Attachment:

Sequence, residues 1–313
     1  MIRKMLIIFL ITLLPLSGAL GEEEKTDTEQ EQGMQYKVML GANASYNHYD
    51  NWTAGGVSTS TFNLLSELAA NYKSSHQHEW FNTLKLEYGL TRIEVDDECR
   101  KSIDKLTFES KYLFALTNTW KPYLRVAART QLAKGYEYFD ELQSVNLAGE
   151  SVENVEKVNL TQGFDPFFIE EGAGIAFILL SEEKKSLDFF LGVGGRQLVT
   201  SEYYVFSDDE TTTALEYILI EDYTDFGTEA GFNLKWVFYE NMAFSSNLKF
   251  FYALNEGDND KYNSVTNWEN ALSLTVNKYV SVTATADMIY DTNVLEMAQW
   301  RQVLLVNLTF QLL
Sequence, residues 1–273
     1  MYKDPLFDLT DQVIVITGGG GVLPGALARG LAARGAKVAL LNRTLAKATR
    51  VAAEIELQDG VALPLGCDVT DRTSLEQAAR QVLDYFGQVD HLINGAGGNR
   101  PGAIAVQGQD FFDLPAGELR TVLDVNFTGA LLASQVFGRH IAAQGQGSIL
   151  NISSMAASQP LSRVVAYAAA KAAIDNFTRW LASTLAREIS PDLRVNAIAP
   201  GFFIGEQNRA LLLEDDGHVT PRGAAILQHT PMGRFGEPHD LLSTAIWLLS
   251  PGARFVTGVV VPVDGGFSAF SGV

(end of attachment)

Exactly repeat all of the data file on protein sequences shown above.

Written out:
Sequence, residues 1–313
     1  MIRKMLIIFL ITLLPLSGAL GEEEKTDTEQ EQGMQYKVML GANASYNHYD
    51  NWTAGGVSTS TFNLLSELAA NYKSSHQHEW FNTLKLEYGL TRIEVDDECR
   101  KSIDKLTFES KYLFALTNTW KPYLRVAART QLAKGYEYFD ELQSVNLAGE
   151  SVENVEKVNL TQGFDPFFIE EGAGIAFILL SEEKKSLDFF LGVGGRQLVT
   201  SEYYVFSDDE TTTALEYILI EDYTDFGTEA GFNLKWVFYE NMAFSSNLKF
   251  FYALNEGDND KYNSVTNWEN ALSLTVNKYV SVTATADMIY DTNVLEMAQW
   301  RQVLLVNLTF QLL
Sequence, residues 1–273
     1  MYKDPLFDLT DQVIVITGGG GVLPGALARG LAARGAKVAL LNRTLAKATR
    51  VAAEIELQDG VALPLGCDVT DRTSLEQAAR QVLDYFGQVD HLINGAGGNR
   101  PGAIAVQGQD FFDLPAGELR TVLDVNFTGA LLASQVFGRH IAAQGQGSIL
   151  NISSMAASQP LSRVVAYAAA KAAIDNFTRW LASTLAREIS PDLRVNAIAP
   201  GFFIGEQNRA LLLEDDGHVT PRGAAILQHT PMGRFGEPHD LLSTAIWLLS
   251  PGARFVTGVV VPVDGGFSAF SGV